An example of a fourth-type diesel particulate filter is shown in U.S. Pat. No. 4,324,572 (Erdmannsdorfer), wherein a plurality of parallel, spaced, rigid, perforated, hollow tubes (designated "support pipes") extend substantially the length of the casing. Threads of spun silicon dioxide or silica fiber are wound on each of the tubes to provide filtering elements. Each tube is plugged at the inlet, while channels between the tubes are blocked by a wall at the outlet, forcing the exhaust to pass through the filtering elements. The threads are said to preferably be cross-wound to allow oxygen to reach the soot deposits during periodic burn-off of collected particulate matter.
Offenlegungsschrift No. DE 37 31 766 (Buck), laid open Mar. 30, 1989, discloses another fourth-type diesel particulate filter having an enclosure with an inlet and outlet connection pipe, wherein ceramic fibers or yarns are placed inside the enclosure.
U.S. Pat. No. 4,576,799 (Worner), discloses yet another fourth-type diesel particulate filter comprising a plurality of parallel, spaced, rigid, perforated, hollow tubes substantially filling an elongated casing radially and concentrically. Each of the tubes consists of a filtering element sandwiched between an inner perforated shell and an outer perforated wall. In one embodiment, there is a barrier between adjacent tubes so that exhaust entering between two of the tubes passes radially outwardly through the filtering element before exiting through the space between the outer of those two tubes and the next barrier. In another embodiment, there are two tubes between adjacent barriers, such that the exhaust passes through the filtering elements of both tubes before reaching the outlet.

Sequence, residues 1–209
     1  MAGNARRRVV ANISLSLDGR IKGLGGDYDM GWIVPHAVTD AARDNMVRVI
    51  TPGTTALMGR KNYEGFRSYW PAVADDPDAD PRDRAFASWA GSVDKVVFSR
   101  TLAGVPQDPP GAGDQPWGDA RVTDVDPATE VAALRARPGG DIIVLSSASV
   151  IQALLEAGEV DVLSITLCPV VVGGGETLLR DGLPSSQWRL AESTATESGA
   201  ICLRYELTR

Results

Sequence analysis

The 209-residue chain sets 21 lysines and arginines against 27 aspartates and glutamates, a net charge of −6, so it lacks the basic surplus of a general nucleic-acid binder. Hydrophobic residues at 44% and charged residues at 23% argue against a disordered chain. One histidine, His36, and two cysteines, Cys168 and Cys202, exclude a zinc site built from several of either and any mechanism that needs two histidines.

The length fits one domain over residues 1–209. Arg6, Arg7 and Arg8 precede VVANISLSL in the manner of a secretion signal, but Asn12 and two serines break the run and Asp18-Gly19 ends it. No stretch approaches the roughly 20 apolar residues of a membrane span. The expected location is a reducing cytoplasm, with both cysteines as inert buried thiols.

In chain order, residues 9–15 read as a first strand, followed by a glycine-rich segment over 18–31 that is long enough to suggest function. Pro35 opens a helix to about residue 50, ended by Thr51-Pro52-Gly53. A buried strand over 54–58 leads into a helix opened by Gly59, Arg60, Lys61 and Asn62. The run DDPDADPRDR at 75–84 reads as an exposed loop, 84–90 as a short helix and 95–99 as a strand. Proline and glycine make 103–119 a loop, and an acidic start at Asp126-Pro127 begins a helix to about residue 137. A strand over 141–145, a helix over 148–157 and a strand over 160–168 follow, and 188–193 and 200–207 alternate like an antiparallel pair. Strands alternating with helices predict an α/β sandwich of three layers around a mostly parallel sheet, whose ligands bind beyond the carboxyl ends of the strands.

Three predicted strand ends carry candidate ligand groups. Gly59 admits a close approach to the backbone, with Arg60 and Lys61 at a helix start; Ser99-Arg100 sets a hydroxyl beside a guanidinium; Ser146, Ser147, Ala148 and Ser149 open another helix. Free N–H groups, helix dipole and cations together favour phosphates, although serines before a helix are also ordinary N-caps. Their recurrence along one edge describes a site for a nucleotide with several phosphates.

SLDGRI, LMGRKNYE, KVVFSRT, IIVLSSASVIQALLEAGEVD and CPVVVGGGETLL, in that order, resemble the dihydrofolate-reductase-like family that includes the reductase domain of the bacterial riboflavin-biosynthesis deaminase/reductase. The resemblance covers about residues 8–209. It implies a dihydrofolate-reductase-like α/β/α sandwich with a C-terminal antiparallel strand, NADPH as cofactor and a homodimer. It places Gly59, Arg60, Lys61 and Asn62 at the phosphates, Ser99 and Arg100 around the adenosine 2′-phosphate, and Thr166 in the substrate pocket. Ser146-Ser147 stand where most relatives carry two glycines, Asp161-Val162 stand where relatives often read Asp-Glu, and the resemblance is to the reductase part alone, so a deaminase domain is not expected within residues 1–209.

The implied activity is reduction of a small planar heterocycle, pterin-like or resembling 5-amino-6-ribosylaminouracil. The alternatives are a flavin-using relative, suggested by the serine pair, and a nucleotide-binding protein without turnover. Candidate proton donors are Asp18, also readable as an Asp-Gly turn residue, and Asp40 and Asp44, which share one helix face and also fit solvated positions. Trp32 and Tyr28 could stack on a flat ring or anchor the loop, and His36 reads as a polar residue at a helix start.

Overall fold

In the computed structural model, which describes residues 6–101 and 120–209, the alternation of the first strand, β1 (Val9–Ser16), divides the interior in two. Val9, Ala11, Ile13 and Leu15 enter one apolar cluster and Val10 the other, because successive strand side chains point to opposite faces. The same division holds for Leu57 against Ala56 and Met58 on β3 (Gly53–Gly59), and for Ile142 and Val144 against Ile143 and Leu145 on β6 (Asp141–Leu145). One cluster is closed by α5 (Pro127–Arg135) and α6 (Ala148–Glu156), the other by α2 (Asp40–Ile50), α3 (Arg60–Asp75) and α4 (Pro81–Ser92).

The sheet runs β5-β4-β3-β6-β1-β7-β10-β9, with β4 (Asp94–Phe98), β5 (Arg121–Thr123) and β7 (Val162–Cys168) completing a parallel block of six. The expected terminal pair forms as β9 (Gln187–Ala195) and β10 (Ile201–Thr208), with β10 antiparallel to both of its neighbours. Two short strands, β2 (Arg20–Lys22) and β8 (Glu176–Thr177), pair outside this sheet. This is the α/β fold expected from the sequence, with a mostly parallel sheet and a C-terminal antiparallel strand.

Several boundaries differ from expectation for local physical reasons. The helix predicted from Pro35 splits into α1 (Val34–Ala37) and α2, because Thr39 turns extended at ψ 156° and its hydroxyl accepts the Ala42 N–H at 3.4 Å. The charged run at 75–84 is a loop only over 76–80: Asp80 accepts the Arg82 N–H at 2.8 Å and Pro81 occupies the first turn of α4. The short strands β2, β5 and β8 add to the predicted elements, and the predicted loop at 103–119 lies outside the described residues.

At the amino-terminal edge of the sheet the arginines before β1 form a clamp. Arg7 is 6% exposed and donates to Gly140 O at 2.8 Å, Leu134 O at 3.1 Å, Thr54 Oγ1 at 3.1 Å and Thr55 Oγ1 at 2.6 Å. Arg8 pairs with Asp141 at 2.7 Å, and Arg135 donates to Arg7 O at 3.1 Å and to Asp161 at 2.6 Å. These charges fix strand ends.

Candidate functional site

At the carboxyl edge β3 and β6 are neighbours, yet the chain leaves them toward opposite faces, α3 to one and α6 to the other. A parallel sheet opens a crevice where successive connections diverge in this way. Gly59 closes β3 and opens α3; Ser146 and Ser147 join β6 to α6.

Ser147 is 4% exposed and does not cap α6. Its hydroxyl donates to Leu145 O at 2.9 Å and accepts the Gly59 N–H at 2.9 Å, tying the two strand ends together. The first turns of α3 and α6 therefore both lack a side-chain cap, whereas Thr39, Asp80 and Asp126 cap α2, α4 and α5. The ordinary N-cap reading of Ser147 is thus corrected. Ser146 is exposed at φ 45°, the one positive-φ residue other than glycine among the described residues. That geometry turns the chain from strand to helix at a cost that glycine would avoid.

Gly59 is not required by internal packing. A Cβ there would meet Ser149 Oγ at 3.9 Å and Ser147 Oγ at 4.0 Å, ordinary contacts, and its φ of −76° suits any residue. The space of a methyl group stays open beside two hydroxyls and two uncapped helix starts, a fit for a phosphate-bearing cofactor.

A fourth-type diesel particulate filter is also disclosed in Offenlegungsschrift No. DE 39 10 554 (Engeler et al.), laid open Oct. 19, 1989, wherein the filter comprises four concentric, rigid, hollow, perforated tubes extending substantially the length of the casing, with each space between adjacent tubes being blocked at only one end of the tubes so that exhaust entering an unblocked space passes radially inwardly or outwardly through the perforated walls of the tubes.
U.K. Pat. Appln. No. GB 2,193,656 (Henkel), published Feb. 17, 1988, discloses a fourth-type diesel particulate filter that has only one perforated hollow tube, wherein the tube is wrapped with two filtering layers, first a fine-pore woven fabric of quartz glass or ceramic fibers and then an elastic wide-mesh fabric or fleece.
A common problem associated with a fourth-type of diesel particulate filter that employs short or staple fibrous filter material is that it tends to experience fiber shedding resulting in an undesirably short life.
Briefly, the present invention provides a diesel particulate filter comprising
(a) a casing having at least two ends;
(b) means for connecting said ends of said casing to an exhaust system;
(c) a plurality of concentric, spaced, perforated, supported, substantially rigid tubes (i.e., hollow cylinders) extending between the ends of the casing, each of the tubes having at least two ends and an outer surface, and the plurality of tubes substantially filling the casing radially;
(d) filtering elements comprising inorganic yarn, the yarn being substantially helically wound around each of the tubes to cover the perforations of the tubes; and
(e) means for blocking alternate spaces between ends of the tubes, with each space between the tubes being blocked adjacent to one end of the casing.
Preferably, the inorganic yarn is substantially helically cross-wound around at least one of the tubes.